Designing for Durability

Strategies for achieving maximum durability with wood-framed construction
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Sponsored by Think Wood
Height above ground of non-treated wood elements. Based on the U.S. model building codes and American Wood Council recommendations.

Photo courtesy of KK Law

Once delivered to the construction site, wood should be stored and wrapped properly.

Construction: Keeping Wood Durable

Informed design is essential to durability, but encouraging proper material handling during construction will greatly improve the long-term performance of wood material in the building envelope. “While an architect’s role typically does not extend beyond specification of wood to materials handling and construction practices, specifications can state S-DRY or KD lumber as well as 19 percent maximum moisture content at time of enclosure,” says Paul Morris, research leader, durability and building enclosure at FPInnovations. “It would also be ideal if architects provided recommendations on how wood should be treated during construction. Even something as elementary as requiring field treatment of saw cuts in treated wood to seal newly exposed untreated wood would help protect the structure’s long-term durability.”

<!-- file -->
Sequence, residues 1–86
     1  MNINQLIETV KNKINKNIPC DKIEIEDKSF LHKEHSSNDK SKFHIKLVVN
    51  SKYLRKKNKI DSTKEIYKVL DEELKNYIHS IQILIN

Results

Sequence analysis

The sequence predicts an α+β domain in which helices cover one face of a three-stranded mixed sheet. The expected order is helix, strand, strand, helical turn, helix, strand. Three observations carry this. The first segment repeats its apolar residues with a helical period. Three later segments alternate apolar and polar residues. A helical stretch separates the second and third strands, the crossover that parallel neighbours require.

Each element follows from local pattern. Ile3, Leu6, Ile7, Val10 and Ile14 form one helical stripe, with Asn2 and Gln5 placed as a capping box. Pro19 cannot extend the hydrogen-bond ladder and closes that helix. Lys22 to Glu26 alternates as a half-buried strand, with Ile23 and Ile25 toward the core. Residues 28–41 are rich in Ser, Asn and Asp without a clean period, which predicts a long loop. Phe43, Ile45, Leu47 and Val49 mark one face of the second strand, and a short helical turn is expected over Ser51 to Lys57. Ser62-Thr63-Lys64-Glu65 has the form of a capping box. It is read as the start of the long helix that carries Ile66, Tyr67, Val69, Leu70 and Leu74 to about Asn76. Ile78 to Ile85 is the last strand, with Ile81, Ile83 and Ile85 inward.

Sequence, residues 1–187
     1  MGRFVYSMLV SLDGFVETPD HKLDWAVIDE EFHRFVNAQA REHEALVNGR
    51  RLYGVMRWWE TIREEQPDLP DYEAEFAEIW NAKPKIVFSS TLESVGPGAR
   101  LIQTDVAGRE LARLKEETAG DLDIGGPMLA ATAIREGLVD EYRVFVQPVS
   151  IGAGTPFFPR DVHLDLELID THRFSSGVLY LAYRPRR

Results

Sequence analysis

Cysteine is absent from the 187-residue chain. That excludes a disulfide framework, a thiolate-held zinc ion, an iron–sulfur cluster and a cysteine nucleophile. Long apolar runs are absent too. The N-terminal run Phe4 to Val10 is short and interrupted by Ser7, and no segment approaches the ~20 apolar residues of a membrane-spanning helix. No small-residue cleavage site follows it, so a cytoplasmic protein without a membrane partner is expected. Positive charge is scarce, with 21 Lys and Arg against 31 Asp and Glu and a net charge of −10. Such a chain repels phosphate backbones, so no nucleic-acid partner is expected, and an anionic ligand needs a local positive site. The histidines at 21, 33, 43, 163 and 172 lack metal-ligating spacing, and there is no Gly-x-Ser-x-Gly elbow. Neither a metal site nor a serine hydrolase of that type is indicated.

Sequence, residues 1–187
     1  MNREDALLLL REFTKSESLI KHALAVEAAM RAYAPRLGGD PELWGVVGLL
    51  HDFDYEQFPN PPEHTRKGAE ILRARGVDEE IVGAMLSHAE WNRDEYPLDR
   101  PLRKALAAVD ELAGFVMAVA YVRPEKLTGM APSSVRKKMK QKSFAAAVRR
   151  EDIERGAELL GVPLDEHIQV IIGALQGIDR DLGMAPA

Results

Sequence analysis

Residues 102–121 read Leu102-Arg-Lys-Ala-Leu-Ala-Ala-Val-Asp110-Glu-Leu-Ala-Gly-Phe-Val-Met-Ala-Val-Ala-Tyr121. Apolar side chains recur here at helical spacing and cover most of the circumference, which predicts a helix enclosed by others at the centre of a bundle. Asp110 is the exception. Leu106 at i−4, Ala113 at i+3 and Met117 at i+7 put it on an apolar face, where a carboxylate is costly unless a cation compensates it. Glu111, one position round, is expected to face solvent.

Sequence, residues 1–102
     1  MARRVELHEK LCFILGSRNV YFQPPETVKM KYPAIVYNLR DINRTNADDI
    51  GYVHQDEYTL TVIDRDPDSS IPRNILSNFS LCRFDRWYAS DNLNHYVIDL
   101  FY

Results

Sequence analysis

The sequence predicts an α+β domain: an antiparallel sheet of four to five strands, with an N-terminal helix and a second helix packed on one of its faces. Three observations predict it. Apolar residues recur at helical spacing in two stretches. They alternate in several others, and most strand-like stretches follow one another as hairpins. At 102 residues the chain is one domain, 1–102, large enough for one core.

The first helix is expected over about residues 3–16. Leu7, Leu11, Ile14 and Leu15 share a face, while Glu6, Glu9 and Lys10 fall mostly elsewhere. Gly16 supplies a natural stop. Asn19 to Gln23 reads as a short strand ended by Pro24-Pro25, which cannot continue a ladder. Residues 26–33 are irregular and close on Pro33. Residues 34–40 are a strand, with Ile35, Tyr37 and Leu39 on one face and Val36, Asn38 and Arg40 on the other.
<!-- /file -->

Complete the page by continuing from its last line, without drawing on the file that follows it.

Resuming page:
Weather Protection

Advanced planning to protect wood during construction can contribute to long-term durability. Material delivery should be timed as close to the installation date as possible. Too often, wood construction products, even for interior use, arrive at the construction site and are left outside and exposed to the elements, absorbing moisture from rain, snow, puddles, or soil. If wood does need to be stored for any length of time, a clean, well-drained material storage area is critical. Upon arrival, wood should be inspected to see that wrappers are intact—faulty ones should be replaced with heavy tarp—and then stored 6-8 inches off the ground away from ponding water. If the soil is wet or poorly drained, a polyethylene tarp or a temporary gravel pad should be placed on the ground below as supports for the materials. The storage area should also be free of vegetation which can harbor insects, hamper ventilation, and maintain moisture in the air.

This photo shows how a multi-story wood building can be protected from the elements.

Photo courtesy of Togawa Smith Martin, Inc.

This photo shows how a multi-story wood building can be protected from the elements.

After installation, the structure should be protected from rain and other sources of bulk water by installing roof coverings and moisture barriers on the exterior of the building envelope as soon as practicable. If elevated moisture levels exist, materials inside the building envelope should be adequately dried before installing insulation and other materials. It is best to avoid the premature application of interior membranes like gypsum wallboard. Allowing the wood framing to acclimate and lower its moisture content to the extent reasonable is highly desirable.

If lumber has been significantly wetted during construction, schedules should allow for drying of framing and sheathing materials to an MC of 19 percent or below. Moisture barriers, installed soon after assemblies are framed, will reduce exposure to weather. If needed, artificial heat and/or dehumidification can accelerate drying.


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Originally published in Architectural Record
Originally published in December 2015